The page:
The Fort Smith School District became the first in the state of Arkansas to acquire a new upgraded, high-speed, fiber-optic broadband network 40 times faster than what other schools throughout the state are capable of achieving.
The announcement was made at a "flip the switch" event on Wednesday (July 15) from the third floor of the Rogers Center on Kinkead Avenue. Dr. Benny Gooden, Fort Smith Schools superintendent, was joined by Johnny Key, commissioner of the Arkansas Department of Education (DOE) and Mark Myers, chief technology officer and director for the state's Department of Information Systems (DIS).
The upgrade will now deliver speeds of 200 kilobits per second (Kbps) per user compared to the average of 5 Kbps throughout the rest of the state.
"This is a great day for Fort Smith and a great day for Arkansas schools because it is a step forward in a direction that we have to go to make sure our students are competitive and prepared," said Gooden. "Fort Smith School District has been working on technology for a long time, and we've limped along without lightning speed, but we have built up a pretty robust network."
Gooden credited the Arkansas Public School Computer Network (APSCN) system as well as Cox Communications and Cisco for being "great partners" and making it possible for the district to be chosen first.
For approximately 15 years, the district has utilized these partnerships to build and maintain its own network. That has resulted in significant moves forward prior to the upgrade, Gooden said, noting that "we have over 13,000 one-to-one devices that are in the hands of our students throughout the district." (There are 14,000 students across 26 schools, K-12 in the Fort Smith School District.)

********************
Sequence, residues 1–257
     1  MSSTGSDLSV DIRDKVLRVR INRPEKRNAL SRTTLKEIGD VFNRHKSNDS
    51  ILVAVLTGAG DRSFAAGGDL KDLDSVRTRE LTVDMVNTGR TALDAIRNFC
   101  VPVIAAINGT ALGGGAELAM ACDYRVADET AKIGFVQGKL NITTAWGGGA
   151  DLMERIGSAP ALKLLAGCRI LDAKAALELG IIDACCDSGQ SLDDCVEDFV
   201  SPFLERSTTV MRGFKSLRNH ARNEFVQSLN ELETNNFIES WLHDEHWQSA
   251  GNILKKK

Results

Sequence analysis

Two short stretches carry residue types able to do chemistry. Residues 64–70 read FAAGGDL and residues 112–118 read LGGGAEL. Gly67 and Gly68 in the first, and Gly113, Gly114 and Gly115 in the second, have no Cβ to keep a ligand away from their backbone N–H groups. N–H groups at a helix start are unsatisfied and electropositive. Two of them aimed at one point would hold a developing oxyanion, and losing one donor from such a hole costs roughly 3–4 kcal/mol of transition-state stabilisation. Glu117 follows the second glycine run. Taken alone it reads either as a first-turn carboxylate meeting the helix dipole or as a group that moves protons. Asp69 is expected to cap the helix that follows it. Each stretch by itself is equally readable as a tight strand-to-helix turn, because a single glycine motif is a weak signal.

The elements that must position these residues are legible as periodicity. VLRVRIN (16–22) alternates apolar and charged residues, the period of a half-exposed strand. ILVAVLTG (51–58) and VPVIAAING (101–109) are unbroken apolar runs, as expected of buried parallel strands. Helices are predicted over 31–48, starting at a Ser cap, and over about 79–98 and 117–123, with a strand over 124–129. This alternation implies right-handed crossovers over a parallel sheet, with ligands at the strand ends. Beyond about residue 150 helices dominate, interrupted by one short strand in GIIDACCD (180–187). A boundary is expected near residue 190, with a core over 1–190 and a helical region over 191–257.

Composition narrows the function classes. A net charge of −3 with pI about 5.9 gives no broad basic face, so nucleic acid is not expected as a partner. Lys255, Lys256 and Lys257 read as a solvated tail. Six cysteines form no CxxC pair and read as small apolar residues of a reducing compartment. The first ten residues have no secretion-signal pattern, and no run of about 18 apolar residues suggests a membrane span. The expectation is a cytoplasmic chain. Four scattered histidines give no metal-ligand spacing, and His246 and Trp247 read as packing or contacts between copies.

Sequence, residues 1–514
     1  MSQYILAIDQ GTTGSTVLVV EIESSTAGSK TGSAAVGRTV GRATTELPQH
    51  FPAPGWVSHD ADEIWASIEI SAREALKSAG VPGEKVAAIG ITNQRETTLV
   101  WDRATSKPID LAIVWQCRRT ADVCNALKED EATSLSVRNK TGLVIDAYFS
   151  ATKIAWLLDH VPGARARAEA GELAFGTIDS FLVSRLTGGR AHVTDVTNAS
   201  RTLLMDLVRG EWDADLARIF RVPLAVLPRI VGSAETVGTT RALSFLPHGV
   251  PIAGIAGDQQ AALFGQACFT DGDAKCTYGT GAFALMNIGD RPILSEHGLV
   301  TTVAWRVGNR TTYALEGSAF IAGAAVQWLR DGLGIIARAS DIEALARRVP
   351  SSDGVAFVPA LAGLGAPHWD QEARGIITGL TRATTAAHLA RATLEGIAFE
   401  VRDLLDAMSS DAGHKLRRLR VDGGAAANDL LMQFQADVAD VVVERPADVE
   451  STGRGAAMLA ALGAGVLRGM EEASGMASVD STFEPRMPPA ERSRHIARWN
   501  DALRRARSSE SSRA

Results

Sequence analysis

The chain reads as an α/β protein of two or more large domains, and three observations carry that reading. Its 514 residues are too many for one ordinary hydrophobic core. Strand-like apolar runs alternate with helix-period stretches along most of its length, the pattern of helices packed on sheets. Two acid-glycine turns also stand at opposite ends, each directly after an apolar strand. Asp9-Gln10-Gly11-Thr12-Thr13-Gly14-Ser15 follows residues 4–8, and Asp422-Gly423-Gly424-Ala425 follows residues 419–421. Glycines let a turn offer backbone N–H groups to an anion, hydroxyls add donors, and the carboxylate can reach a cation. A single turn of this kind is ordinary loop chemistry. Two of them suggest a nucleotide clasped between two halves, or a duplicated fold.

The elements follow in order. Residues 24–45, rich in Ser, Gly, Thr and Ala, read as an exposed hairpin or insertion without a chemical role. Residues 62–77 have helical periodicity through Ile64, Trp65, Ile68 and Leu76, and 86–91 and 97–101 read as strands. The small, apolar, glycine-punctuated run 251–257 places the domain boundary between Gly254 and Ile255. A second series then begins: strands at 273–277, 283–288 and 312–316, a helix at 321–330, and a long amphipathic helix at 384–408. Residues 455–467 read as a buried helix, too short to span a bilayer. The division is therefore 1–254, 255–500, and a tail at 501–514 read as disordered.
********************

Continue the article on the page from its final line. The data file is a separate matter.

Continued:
"This year we had three of our schools that were 24/7 digital, which means the kids took computers home," Gooden added. "Those were pilots, and we plan to expand that in the future and we're continuing down that trail. If our students today are going to compete with students all over the world, they're going to have to have these kinds of skills, and we're going to have to have the speed. That's what this network does for us."
Myers commended Fort Smith Schools' technology infrastructure and network, citing it while explaining the reason the city's education system was chosen first out of all 274 K-12 districts.
"It was a confluence of two things," Myers explained. "One, Fort Smith had a contract that was expiring, and we could step in and fill that void. And two, Cox was already the provider here, so we didn't have a lot of new things. We didn't need a big buildout to put it into the ground."
Statewide the new system is a significant investment helped along by the federal E-Rate program, which provides discounts of around 79% on E-Rate eligible expenses to assist schools and libraries in Arkansas and throughout the United States for the purpose of obtaining affordable telecommunications and Internet access.
While Myers said the upgrade was "a lot of money," it is comparable to "what we were paying before," with exponentially better results. The upgrade has cost the state close to $65 million over a five-year period ($12.99 million per year) with an additional one-time investment of $5 million in order to "get the security upgrades we need" for protecting student data, he said.
"I have 12 people whose full time job is to make sure the integrity of the network is there and there is no data loss," Myers said. "Now that doesn't mean we'll never get hacked. There are over 75,000 attempts a day to hack our network."
"That $5 million is crucial," Key added, "in giving parents the comfort of knowing at the state level we're doing our best to keep things secure."
With Wednesday's event, the Fort Smith School District served as the first step toward a full implementation plan that will roll out in around two weeks. Myers told The City Wire that the current fiscal year will see 126 districts completed with the remaining 148 slated for fiscal year 2016.
"We can do about three schools per week. That's pretty much full capacity for what we're capable of managing rollout-wise," Myers said.